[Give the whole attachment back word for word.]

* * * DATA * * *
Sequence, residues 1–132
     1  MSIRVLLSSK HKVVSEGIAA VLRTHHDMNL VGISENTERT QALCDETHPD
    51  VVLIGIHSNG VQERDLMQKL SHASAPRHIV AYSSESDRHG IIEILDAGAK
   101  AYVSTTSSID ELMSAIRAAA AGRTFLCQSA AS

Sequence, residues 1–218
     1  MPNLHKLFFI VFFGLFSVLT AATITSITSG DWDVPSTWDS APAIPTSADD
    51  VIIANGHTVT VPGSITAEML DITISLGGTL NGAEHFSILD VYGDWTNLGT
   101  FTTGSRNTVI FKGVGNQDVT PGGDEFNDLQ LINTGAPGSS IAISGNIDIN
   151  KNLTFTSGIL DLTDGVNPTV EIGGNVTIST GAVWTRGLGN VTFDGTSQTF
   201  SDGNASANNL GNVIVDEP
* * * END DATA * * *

Sequence, residues 1–132
     1  MSIRVLLSSK HKVVSEGIAA VLRTHHDMNL VGISENTERT QALCDETHPD
    51  VVLIGIHSNG VQERDLMQKL SHASAPRHIV AYSSESDRHG IIEILDAGAK
   101  AYVSTTSSID ELMSAIRAAA AGRTFLCQSA AS

Sequence, residues 1–218
     1  MPNLHKLFFI VFFGLFSVLT AATITSITSG DWDVPSTWDS APAIPTSADD
    51  VIIANGHTVT VPGSITAEML DITISLGGTL NGAEHFSILD VYGDWTNLGT
   101  FTTGSRNTVI FKGVGNQDVT PGGDEFNDLQ LINTGAPGSS IAISGNIDIN
   151  KNLTFTSGIL DLTDGVNPTV EIGGNVTIST GAVWTRGLGN VTFDGTSQTF
   201  SDGNASANNL GNVIVDEP